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Also, when I bring home the club pads for storage I occasionally find conformal rail guides still in the rail from when they were torn off a rocket at launch.

I feel like they're not so great in practice.
On larger or longer rockets I’ve seen the lowermost rail guide twisted right off while loading the rocket on a rail. I recommend using a button on the bottom. A rail guide works okay on the top because it is in alignment when loading the rocket, but that bottom one can really be torqued while trying to line up the upper one. Buttons aren’t bothered by side to side turning.
 

LandonC

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No, you may be able to borrow a tower. They’re out there. Go to some launches and walk around and see how others solve the problems you encounter. None are unique. In your build thread you mention Mach 3 and that you’re making your own CF tubes, but wondering what fin shape and nosecone shape to use. Take some time to see what others have done. Questions are great, but going to some of the larger launches and seeing the wide variety that people fly will give you some ideas.
We've progressed enough to know what fin shape and NC profile to use. Currently building prototypes of the NC, but still deciding on what material to use for the fins. Will likely be CNCed aluminum.

I'll look into borrowing a tower. We would like to avoid building one, but if it comes down to it, it won't be an issue.
 

manixFan

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I have flown both 75 and 98mm CF MD rockets, mostly using a tower. I have also used the aluminum conformal rail guides. As Steve says, they can be torqued off the rocket if things go 'sideways' during loading, which I've seen happen. But I've found that if you properly prep the surface of the CF (degrease and sanded to a water break) as well as the aluminum guide, and use JB Weld, they can form a very strong bond. I've done some destructive testing on a crashed rocket and was surprised at the strength of the guide. And since you know in advance if using a guide, you can take extra care when loading the rocket on the rail to prevent issues.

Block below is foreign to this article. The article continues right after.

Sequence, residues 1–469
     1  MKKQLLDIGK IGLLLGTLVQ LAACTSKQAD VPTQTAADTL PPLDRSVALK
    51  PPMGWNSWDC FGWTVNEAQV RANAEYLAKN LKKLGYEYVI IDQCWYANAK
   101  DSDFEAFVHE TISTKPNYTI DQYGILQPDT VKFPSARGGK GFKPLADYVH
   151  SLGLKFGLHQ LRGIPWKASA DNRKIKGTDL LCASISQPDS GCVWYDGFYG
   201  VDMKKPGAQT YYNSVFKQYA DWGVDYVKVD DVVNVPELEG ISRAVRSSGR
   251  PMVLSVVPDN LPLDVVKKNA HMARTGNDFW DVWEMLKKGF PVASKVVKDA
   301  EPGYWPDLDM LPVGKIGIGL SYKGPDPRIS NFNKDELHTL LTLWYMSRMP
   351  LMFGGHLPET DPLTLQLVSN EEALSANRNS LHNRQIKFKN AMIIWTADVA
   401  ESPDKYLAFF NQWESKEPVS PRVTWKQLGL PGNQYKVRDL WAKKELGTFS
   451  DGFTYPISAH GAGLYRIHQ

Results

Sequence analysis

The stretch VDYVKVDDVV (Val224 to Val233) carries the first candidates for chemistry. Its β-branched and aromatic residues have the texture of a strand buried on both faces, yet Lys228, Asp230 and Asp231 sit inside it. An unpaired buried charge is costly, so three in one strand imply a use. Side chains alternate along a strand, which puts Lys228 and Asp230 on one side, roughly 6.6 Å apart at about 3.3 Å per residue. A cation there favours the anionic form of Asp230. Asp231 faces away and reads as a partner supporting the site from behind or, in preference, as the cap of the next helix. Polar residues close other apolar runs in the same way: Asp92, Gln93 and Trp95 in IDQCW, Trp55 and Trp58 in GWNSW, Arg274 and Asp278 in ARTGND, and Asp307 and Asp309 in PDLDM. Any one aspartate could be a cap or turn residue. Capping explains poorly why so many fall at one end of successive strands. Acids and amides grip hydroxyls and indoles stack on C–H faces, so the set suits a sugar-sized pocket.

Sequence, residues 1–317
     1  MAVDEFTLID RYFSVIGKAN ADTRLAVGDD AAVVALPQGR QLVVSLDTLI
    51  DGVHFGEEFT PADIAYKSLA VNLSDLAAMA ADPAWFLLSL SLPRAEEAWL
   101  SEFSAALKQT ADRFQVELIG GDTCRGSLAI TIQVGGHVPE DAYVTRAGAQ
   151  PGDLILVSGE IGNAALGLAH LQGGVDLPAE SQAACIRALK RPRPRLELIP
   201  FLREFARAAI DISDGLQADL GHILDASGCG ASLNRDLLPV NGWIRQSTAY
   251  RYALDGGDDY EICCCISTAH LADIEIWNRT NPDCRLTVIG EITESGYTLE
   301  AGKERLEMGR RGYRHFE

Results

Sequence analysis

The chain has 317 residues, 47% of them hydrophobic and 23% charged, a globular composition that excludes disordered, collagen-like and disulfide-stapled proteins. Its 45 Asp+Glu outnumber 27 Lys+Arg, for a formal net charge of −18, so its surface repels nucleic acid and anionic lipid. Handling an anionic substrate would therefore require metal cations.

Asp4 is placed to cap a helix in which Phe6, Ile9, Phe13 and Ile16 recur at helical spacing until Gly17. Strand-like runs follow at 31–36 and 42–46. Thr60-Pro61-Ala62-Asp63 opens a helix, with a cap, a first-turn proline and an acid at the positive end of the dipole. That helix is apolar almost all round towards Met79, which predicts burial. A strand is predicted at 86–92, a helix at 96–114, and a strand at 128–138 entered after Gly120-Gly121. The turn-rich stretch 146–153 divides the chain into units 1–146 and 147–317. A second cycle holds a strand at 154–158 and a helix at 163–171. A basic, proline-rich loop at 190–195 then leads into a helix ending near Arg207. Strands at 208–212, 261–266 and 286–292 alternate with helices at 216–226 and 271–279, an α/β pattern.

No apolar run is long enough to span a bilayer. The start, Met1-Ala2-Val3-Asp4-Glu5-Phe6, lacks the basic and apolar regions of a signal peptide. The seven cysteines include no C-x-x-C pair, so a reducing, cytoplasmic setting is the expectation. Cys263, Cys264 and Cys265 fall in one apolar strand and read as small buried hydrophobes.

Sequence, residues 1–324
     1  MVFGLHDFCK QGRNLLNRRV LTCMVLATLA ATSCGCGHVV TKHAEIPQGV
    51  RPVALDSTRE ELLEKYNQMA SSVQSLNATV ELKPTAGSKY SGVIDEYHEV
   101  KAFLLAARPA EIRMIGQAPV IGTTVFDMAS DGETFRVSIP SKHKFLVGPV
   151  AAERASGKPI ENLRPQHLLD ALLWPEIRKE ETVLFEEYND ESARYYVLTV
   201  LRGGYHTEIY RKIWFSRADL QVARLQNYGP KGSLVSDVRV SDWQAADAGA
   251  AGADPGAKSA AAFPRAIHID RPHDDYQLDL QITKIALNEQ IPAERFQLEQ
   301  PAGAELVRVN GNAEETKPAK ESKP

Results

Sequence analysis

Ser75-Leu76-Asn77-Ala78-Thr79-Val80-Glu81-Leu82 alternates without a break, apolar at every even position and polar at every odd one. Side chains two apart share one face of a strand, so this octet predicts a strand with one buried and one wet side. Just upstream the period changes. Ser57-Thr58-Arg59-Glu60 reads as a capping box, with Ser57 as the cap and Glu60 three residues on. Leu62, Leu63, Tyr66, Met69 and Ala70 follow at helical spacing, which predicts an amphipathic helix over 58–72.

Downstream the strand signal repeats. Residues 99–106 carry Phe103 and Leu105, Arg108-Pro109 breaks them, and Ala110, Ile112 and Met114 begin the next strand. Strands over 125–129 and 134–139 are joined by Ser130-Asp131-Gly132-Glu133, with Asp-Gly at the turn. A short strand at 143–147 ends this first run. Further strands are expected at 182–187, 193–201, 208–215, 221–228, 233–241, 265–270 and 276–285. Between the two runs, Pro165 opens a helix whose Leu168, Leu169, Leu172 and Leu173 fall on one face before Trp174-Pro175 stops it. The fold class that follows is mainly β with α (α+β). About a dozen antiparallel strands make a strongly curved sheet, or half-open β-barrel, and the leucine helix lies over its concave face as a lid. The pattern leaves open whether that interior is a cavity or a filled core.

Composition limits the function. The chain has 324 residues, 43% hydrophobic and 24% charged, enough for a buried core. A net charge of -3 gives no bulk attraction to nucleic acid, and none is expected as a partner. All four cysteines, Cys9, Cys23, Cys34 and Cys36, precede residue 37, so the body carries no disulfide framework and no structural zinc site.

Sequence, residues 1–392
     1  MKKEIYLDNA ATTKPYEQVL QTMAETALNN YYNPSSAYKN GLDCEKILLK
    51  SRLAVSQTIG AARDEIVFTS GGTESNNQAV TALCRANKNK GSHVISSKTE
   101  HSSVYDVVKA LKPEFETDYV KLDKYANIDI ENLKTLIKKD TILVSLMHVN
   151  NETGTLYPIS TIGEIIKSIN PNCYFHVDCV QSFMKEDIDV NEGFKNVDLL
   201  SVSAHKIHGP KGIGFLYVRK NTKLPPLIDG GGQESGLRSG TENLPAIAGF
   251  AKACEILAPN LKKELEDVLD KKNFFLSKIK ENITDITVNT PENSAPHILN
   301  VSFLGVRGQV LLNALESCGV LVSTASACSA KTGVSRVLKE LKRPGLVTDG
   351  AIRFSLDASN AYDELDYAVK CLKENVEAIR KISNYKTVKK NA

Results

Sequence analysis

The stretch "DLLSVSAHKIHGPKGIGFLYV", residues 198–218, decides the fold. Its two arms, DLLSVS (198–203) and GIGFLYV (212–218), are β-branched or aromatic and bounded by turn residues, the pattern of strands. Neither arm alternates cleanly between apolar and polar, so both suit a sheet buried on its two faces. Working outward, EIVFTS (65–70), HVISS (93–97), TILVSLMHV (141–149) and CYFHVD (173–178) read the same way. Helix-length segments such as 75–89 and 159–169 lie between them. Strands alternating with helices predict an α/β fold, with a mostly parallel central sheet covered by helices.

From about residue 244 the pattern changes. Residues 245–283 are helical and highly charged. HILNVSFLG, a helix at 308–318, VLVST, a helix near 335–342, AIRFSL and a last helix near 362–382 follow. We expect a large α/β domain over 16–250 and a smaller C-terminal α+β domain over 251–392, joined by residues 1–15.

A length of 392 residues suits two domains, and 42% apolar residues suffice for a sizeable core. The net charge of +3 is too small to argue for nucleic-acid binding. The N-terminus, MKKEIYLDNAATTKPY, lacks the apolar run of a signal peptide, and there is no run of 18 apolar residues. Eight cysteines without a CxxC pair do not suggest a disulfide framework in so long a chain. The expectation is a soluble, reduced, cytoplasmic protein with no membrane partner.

For what it's worth, in my experience, most of the failures of the conformal guides has been when the nose of the rocket was lifted too high during loading and pulled the bottom guide off the rocket. You can help that by having some thin pieces of wood or similar material that you can put in between the rocket and the rail and then basically keep the rocket against them as you slide it down. That makes it a lot easier to keep the correct spacing. Even a folded rag works well. Also, you should have plenty of helpers loading the rocket and one person who is eye level with the rail to guide everyone. And it sounds dumb, but use simple commands like 'nose towards my side', or 'nose closer to the rail', so there is no confusion as what to do. Talk over the loading procedure with all involved.

As an aside, one downside to a tower I've experienced is 'tower rash', or long scratches along the length of the rocket where it is in contact with the a tower rail. For that reason I use the Jim Jarvis method (at least that's who I learned it from) of coating the CF with a very thin layer of laminating epoxy, or, I'll just leave it naked. Either way, a little wet sanding after the flight and it looks pretty good.

Good luck,


Tony

EDIT: We also have a dedicated 'fin holder' - they keep hold of the fins as it slides down the rail to keep it vertical, and then are responsible for keeping it stable while it's being raised.
 
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Rocketjunkie

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I used a tower. This rocket was 4.5" diameter using a 4-5/16" O3000 motor in 1992. John Cato, me inserting the igniter, and Earl Cagle (Point 39 Productions) with the camera. Behind Earl is Pius Morazumi the launch director (LDRS XI).

Cb110twr1.jpg CB110V3b.jpg
 
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LandonC

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I used a tower. This rocket was 4.5" diameter using a 4-5/16" O3000 motor in 1992. John Cato, me inserting the igniter, and Earl Cagle (Point 39 Productions) with the camera. Behind Earl is Pius Morazumi the launch director (LDRS XI).
That's a great picture! Scratch build? How how did it end up going?